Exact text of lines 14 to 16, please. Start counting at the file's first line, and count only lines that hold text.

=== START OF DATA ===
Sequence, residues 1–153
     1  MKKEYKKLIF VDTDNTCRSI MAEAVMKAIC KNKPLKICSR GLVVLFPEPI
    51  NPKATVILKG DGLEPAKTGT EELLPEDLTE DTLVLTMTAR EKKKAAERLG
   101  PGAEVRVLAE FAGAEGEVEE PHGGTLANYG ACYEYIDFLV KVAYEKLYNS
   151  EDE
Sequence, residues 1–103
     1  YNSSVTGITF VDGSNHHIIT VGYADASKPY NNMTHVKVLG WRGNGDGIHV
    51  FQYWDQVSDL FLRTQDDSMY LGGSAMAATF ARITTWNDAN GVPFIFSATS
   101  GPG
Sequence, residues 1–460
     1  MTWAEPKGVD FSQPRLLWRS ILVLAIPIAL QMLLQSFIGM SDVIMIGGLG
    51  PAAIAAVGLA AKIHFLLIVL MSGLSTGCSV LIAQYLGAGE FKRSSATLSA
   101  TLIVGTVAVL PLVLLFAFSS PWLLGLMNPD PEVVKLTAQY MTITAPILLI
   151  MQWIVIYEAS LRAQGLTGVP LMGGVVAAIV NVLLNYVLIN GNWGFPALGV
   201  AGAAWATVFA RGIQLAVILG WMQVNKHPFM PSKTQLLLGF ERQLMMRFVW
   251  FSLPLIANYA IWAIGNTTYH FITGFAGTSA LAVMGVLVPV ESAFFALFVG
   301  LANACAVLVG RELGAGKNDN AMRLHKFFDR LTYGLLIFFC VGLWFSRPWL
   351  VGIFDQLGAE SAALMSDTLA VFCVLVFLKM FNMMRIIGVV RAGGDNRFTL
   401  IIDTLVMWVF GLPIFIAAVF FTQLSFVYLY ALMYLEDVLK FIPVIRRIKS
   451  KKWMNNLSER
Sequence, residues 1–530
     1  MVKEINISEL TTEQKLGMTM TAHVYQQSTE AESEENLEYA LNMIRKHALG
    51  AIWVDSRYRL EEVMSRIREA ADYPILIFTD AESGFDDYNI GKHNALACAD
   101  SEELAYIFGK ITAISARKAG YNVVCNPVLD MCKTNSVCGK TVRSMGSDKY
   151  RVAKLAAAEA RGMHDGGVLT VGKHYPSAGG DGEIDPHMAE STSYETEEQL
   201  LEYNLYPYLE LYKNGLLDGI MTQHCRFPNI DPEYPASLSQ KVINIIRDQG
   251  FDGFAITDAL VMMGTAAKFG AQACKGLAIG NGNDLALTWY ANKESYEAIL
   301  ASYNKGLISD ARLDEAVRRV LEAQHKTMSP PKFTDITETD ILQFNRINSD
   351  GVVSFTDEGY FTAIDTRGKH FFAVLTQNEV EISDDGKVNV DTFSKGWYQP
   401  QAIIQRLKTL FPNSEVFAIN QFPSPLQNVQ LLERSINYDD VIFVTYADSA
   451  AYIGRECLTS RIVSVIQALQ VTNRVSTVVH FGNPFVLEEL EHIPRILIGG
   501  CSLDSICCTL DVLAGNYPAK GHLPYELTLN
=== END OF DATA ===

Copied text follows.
   151  MQWIVIYEAS LRAQGLTGVP LMGGVVAAIV NVLLNYVLIN GNWGFPALGV
   201  AGAAWATVFA RGIQLAVILG WMQVNKHPFM PSKTQLLLGF ERQLMMRFVW
   251  FSLPLIANYA IWAIGNTTYH FITGFAGTSA LAVMGVLVPV ESAFFALFVG